What the 2021 census tells us about the Fraser Valley’s aging communities

The valley is getting older. But some communities are aging faster than others. Here's what the 2021 census tells us about the valley's demographics.

By Grace Kennedy | April 29, 2022 |5:00 am

The Fraser Valley is aging.

Although residents may have known this for a while—calls for more senior services and other “anecdata” abound—new census data shows just how fast the region’s population is getting older.

The valley has nearly 28,000 more seniors than it did a decade ago, with more than 85,000 people over the age of 65 living between Langley and Hope. This age group accounted for 23% of all residents in 2021. (In 2011, people over 65 made up 19% of the population.)

It’s not the only demographic to have grown in numbers: the number of children has increased by nearly 10,000 in the last decade, and the number of young adults has risen by twice that amount. But those jumps paled next to the dramatic increase in seniors across the Fraser Valley, whose numbers rose by nearly 50% in the last decade.

Of course, not every municipality saw the same changes. Some communities are aging faster than others—although none are getting any younger.

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The oldest in the valley

There are at least two ways to calculate which community is the oldest in the Fraser Valley. But whether you look at the median age (the age where half the population is older and half are younger) or at the proportion of seniors, Harrison Hot Springs tops the list.

Harrison Hot Springs is the oldest community in the Fraser Valley. 📸 Grace Kennedy

The median age in the community is 57 years old. Nearly a third of its residents are 65 or older, and another third are between 40 and 64 years old. Although there are more children in Harrison than there were five years ago, it still has the lowest proportion of newborns and kids under the age of 15 in the entire valley.

The youngest community, on the other hand, is Mission.

Mission is the youngest community in the Fraser Valley, although it was a tight race against Abbotsford. 📸 Grace Kennedy

In Mission, half of all residents are younger than 40. Although that isn’t actually the lowest in the Fraser Valley—Abbotsford has a median age of 39—Mission has the lowest percentage of seniors and one of the highest percentages of children in any valley community. In short, Mission has more very young people and fewer middle-aged people than Abbotsford. (Only 16% of Mission residents are over the age of 65, while 19% of its residents are under 14.)

The rest of the Fraser Valley communities fall somewhere in between Harrison and Mission. Langley City has the highest proportion of young adults. Langley Township has the largest group of teens. And Kent has the largest share of seniors over the age of 85 compared to its total population.

Not every community in the Fraser Valley has the same amount of seniors. Some communities have a significantly higher proportion, while others have more younger folks. 📸 Grace Kennedy

The fastest aging community

Although Mission may be the youngest valley community for now, that may not last forever. In the last 10 years, the city has seen the greatest increase in the proportion of its population who can call themselves seniors. It now has 2,200 more people over the age of 65 than in 2011. The only other communities to see similar increases were Kent, Hope, and Langley Township.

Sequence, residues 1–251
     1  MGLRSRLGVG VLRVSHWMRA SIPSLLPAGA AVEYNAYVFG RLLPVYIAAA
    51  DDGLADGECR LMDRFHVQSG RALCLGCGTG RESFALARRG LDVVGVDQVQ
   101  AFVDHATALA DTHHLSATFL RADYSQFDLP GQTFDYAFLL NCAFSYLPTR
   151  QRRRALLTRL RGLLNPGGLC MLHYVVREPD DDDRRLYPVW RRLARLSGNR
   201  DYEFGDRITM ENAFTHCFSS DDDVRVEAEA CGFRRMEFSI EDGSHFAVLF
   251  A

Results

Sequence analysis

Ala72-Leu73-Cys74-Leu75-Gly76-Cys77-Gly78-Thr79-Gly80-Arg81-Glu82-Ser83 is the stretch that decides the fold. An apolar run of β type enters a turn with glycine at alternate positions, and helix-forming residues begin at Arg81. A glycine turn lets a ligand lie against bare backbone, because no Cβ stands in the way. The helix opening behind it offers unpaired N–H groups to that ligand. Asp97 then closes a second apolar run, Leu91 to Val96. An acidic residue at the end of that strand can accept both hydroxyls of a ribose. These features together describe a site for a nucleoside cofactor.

The raw population numbers here show how fast different age groups are growing, and which communities have the largest populations. 📸 Grace Kennedy

Despite being the oldest community for now, Harrison Hot Springs experienced the largest spike in the number of young adults. Although it only welcomed 115 new people between the ages of 20 and 39, that made a significant change in the demographic make-up of the small resort community. (Harrison historically has a small proportion of teens living in the village, so it is more likely young adults are newcomers than existing residents.)

Harrison’s spike in young adults is nearly double the increase that happened in nearby Hope, which experienced the second highest amount of growth for young adults. There, the number of people aged 20 to 39 increased by about a third, while Harrison’s young adult population increased by more than 56%.

The raw population numbers here show how fast different age groups are growing, and which communities have the largest populations. 📸 Grace Kennedy

Where does this leave us?

The Fraser Valley is changing. The latest demographic data from the 2021 census suggests where the next set of pressures will come from.

Across the valley, an increasing proportion of seniors will lead to a greater need for seniors services like tech support, accessible transit, and long-term care homes. Increasing numbers of young adults show the need for more entry-level housing. As those young adults age, many will have children, and although birth rates have fallen across the valley in the last decade, the absolute numbers of babies have not. That means a greater need for school services in the future, along with housing with enough space for families to grow.

You can read more about these topics and others in The Current’s Changing Valley series. The Current will be reporting on additional census data as it’s released throughout the year. You can find out first story on the 2021 census here.


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Grace Kennedy

Reporter at Fraser Valley Current

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